The car idled in the middle of the street. With the glint of white sky reflecting on the windshield, I could not see a driver. Detour or continue? How suspicious I’d become. Murder, drugs, kidnapping. So much mayhem in my town at the edge of the Alaskan wilderness. I was headed to the woods to forget all that, and more.
I edged to the side of the road and kept going. Closer, level with the driver’s side, I peered into the window. A young man sat at the wheel, a boy really. Dark hair, a hockey emblem on his jacket, maybe on his way home from the local high school. He faced away from me, studying something on the opposite side of the street. I followed his gaze to a weathered wooden fence a few paces away. There, atop a post, a dark shape, foreign yet familiar. My brain struggled to explain what my eyes beheld.
The boy opened his window and leaned toward me. His skin was smooth and clear.
“Hasn’t moved,” he whispered. “At first I thought it was a juvenile bald, but maybe it’s a golden.”
A boy who stops to parse eagles.
Up close, the size and power of the bird stunned and unsettled me. Standing on the ground, it would surely reach my waist. Its beak curved sharply into a deadly tip that could rip my flesh just as easily as a hare’s. It seemed indifferent to us, focused on whatever lie inside the bounds of the fence. Cat? Chickens? Small dog?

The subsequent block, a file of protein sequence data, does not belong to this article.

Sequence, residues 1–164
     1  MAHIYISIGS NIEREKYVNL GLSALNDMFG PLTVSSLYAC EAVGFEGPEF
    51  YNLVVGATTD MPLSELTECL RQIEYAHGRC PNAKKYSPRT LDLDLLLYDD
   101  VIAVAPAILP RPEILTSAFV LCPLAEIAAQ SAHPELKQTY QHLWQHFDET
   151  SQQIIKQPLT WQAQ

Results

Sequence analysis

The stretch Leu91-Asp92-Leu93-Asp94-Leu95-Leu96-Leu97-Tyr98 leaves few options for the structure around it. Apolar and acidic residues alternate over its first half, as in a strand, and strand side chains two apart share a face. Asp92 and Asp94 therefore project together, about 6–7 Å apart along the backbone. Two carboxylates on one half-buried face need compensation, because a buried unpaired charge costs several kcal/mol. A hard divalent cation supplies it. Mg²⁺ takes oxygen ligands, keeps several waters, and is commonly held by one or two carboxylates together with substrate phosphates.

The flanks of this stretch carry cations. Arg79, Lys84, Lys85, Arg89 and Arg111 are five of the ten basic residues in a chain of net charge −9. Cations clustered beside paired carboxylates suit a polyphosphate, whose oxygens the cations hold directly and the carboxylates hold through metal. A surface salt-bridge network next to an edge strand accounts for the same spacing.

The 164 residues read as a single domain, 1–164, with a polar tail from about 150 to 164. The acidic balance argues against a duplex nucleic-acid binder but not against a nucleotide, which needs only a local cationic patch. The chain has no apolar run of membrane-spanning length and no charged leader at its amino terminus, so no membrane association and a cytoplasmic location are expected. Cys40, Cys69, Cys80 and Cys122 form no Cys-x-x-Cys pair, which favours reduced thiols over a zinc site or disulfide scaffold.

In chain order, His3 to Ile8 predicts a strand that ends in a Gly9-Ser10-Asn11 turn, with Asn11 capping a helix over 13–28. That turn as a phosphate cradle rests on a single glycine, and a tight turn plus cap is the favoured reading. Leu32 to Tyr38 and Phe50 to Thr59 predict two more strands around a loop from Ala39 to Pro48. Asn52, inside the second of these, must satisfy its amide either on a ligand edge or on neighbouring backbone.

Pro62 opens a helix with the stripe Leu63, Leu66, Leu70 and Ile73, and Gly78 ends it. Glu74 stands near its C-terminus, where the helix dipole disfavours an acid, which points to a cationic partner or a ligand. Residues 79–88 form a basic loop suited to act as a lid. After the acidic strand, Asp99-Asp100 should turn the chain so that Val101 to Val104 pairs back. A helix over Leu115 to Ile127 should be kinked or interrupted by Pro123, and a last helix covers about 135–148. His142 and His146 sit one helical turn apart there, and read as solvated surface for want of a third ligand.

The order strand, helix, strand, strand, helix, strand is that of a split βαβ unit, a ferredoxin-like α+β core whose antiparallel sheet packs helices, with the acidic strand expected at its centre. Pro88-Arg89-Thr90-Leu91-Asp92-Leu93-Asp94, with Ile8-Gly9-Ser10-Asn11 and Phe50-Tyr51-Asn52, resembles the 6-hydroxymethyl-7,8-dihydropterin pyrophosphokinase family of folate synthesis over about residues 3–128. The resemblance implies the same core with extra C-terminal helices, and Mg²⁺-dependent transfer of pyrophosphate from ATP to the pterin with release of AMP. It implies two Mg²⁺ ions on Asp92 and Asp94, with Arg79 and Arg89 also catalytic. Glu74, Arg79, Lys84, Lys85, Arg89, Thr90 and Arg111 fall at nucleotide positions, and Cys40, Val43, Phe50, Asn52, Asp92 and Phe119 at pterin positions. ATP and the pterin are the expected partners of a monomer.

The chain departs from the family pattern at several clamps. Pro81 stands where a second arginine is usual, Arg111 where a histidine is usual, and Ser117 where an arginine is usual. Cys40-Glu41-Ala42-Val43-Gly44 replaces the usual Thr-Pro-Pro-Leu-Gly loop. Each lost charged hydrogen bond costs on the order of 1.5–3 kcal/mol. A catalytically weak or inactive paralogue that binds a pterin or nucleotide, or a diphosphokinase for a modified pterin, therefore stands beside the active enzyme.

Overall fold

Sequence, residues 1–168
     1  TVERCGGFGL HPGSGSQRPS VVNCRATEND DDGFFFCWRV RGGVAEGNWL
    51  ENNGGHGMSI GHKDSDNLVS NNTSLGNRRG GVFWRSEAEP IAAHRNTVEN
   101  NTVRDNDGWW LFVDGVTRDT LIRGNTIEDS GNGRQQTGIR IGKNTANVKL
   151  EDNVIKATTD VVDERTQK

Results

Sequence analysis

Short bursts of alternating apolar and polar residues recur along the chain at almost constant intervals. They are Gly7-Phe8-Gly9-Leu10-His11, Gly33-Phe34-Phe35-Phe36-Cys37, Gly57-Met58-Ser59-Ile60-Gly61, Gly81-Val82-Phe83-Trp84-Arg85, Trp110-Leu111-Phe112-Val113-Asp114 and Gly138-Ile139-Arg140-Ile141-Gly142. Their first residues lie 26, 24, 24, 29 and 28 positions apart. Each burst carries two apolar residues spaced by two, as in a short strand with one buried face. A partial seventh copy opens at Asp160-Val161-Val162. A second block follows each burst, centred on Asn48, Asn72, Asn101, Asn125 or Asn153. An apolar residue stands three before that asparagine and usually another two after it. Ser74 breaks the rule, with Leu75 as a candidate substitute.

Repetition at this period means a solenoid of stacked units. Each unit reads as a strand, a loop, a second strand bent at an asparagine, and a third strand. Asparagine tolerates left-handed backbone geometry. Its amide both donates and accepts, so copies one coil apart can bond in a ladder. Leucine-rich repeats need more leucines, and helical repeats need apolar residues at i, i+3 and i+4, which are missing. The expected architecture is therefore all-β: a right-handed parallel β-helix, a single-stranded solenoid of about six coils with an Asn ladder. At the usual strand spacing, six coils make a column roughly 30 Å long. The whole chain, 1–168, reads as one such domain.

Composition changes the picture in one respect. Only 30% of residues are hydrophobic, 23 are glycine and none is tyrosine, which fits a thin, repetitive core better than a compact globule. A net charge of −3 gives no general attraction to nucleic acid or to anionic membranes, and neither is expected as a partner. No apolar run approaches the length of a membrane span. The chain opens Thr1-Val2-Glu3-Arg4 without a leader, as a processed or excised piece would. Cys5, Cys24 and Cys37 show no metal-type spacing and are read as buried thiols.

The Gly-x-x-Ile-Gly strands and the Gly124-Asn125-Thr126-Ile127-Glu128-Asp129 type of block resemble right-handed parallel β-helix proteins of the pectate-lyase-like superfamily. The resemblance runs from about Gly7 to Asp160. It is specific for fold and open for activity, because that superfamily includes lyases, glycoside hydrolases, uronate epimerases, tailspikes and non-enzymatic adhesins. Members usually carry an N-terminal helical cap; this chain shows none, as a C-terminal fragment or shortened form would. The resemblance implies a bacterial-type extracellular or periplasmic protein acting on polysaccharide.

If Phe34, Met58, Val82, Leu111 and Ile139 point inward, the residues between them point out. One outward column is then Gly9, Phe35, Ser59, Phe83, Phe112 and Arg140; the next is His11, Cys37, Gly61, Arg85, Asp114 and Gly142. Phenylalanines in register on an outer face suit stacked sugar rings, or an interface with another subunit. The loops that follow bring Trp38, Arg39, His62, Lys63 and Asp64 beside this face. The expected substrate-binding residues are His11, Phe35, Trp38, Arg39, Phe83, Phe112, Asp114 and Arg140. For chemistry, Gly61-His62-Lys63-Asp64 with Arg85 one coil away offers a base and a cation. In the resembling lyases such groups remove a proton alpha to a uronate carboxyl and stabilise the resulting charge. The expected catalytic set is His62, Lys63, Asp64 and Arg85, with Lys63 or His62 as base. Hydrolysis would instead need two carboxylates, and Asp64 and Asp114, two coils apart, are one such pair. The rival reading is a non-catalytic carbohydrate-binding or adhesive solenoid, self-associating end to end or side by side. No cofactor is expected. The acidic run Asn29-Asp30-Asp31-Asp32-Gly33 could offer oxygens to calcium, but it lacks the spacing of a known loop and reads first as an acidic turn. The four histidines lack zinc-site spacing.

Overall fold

A slight breeze rippled the rich brown feathers along its back, revealing the paler juvenile tones beneath. Surely a bald eagle, since we were far from the mountainous haunts of the golden. Last summer while driving to town I spied the unmistakable white head of an adult bald eagle perched on a power pole above the marsh. Maybe this was an offspring, here in late November when it should have moved south. With winters turned so mild these past few years, if food was plentiful in a neighborhood with easy prey, why leave?
“I’ve never been this close,” he said, eyes wide.
No one passed. For minutes we shared the street. The boy, the bird, the jaded woman.
At last, the eagle raised its head and glanced back at us as if to say, “What are you doing here?” Silently, it spread its magnificent wings and lifted off.
The boy and I stretched our necks to watch it soar over the neighborhood.
“Wow,” he said.
He put the car in gear and inched forward.
“Have a great day.” he said finally.
As he pulled away I waved and followed the eagle into the forest.
Susan Pope’s work has appeared in Pilgrimage, Under the Sun, The Southeast Review Online, Cirque: A Literary Journal of the Pacific Rim, Hippocampus, Under the Gum Tree, Burrow Press Review, BioStories, and Writers’ Workshop Review, among others. Her writing reflects intimate connections to home and family in Alaska as well as a restless exploration of faraway places. Her essay entitled, “Canyon,” which appeared in Bluestem, was nominated for a Pushcart Prize in 2012.